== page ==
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Explainable Machine Learning for Autonomous Vehicle Positioning Using SHAP

Onyekpe, Uche ORCID: https://orcid.org/0000-0001-8033-9394, Lu, Yang ORCID: https://orcid.org/0000-0002-0583-2688, Apostolopoulou, Eleni, Palade, Vasile, Eyo, Eyo Umo and Kanarachos, Stratis (2022) Explainable Machine Learning for Autonomous Vehicle Positioning Using SHAP. In: Mehta, M., Palade, V. and Chatterjee, I., (eds.) Explainable AI: Foundations, Methodologies and Applications. Intelligent Systems Reference Library, 232 (232). Springer, pp. 157-183

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Despite the recent advancements in Autonomous Vehicle (AV) technology, safety still remains a key challenge for their commercialisation and development. One of the major systems influencing the safety of AVs is its navigation system. Road localisation of autonomous vehicles is reliant on consistent accurate Global Navigation Satellite System (GNSS) positioning information. The GNSS relies on a number of satellites to perform triangulation and may experience signal loss around tall buildings, bridges, tunnels, trees, etc. We previously proposed the Wheel Odometry Neural Network (WhONet) as an approach to provide continuous positioning information in the absence of the GNSS signals. We achieved this by integrating the GNSS output with the wheel encoders’ measurements from the vehicle whilst also learning the uncertainties present in the position estimation. However, the positioning problem is a safety critical one and thus requires a qualitative assessment of the reasons for the predictions of the WhONet model at any point of use. There is therefore the need to provide explanations for the WhONet’s predictions to justify its reliability and thus provide a higher level of transparency and accountability to relevant stakeholders. Explainability in this work is achieved through the use of Shapley Additive exPlanations (SHAP) to examine the decision-making process of the WhONet model on an Inertial and Odometry Vehicle Navigation Benchmark Data subset describing an approximate straight-line trajectory. Our study shows that on an approximate straight-line motion, the two rear wheels are responsible for the most increase in the position uncertainty estimation error compared to the two front wheels.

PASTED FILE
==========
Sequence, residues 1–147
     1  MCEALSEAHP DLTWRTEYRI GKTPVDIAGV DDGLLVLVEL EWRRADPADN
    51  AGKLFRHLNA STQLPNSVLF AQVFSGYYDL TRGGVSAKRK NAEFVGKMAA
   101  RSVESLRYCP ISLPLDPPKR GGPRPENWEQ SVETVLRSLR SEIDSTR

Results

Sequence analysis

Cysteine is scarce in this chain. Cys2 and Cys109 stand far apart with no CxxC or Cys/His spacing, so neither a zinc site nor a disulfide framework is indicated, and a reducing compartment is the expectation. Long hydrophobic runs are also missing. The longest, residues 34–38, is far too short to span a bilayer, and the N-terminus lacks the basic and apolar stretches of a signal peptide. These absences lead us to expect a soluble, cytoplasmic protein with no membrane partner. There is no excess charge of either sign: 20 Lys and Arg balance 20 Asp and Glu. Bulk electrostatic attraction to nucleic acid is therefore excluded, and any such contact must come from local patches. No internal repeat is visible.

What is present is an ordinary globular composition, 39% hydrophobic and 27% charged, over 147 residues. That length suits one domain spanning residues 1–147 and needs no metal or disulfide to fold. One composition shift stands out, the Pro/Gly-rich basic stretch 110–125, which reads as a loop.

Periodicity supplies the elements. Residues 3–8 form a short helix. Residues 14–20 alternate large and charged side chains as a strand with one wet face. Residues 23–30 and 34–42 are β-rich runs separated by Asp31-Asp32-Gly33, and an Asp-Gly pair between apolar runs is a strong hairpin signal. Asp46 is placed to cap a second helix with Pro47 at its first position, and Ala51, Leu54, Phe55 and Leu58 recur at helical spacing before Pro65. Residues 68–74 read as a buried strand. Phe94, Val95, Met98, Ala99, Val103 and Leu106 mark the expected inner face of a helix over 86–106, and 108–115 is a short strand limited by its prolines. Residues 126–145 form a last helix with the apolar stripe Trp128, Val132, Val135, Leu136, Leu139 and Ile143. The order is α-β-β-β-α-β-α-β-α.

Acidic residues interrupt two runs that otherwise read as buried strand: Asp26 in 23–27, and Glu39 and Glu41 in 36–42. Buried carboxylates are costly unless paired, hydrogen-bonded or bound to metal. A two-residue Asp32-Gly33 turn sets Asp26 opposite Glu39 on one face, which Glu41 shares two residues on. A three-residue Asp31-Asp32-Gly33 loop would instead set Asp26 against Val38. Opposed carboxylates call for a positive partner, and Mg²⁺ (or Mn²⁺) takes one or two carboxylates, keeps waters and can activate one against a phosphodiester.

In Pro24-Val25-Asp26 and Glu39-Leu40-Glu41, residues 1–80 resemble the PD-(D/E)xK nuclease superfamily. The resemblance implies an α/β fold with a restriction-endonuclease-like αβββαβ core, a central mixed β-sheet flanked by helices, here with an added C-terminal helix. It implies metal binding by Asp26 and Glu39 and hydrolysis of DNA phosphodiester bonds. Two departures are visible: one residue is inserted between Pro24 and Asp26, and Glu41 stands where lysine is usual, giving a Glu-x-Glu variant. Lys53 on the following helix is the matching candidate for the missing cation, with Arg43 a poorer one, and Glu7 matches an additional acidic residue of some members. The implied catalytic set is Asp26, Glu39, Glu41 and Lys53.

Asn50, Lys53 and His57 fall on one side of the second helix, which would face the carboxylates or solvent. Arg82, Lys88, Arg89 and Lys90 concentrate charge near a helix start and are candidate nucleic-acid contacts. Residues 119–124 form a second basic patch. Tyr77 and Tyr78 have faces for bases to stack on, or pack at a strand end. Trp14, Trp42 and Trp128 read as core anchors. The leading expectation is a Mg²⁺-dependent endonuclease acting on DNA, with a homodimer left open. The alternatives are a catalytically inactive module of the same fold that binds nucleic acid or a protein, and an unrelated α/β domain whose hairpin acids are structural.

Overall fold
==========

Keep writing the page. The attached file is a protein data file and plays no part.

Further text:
Item Type: Book Section
Status: Published
DOI: https://doi.org/10.1007/978-3-031-12807-3_8
School/Department: School of Science, Technology and Health
URI: https://ray.yorksj.ac.uk/id/eprint/7079

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